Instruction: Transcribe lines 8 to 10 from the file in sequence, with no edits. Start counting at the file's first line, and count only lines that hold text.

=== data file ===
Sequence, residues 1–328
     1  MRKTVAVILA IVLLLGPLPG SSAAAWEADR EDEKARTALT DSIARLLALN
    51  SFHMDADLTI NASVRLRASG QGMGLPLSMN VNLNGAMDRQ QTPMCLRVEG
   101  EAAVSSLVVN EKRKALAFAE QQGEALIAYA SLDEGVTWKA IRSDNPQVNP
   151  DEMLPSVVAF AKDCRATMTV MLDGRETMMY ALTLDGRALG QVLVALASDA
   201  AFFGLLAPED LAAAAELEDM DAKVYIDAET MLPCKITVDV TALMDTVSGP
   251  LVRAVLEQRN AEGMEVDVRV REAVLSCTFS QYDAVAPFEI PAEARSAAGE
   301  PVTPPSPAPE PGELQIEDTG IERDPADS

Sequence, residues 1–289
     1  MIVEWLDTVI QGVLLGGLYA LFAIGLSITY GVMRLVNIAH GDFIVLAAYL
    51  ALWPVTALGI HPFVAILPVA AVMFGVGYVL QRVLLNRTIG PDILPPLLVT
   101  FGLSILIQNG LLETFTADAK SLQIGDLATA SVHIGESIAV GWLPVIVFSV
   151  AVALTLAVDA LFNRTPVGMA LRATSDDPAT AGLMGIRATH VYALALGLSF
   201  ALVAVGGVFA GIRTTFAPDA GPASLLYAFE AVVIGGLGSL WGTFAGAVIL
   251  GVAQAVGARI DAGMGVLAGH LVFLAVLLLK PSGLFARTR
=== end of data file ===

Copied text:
   301  PVTPPSPAPE PGELQIEDTG IERDPADS

Sequence, residues 1–289
     1  MIVEWLDTVI QGVLLGGLYA LFAIGLSITY GVMRLVNIAH GDFIVLAAYL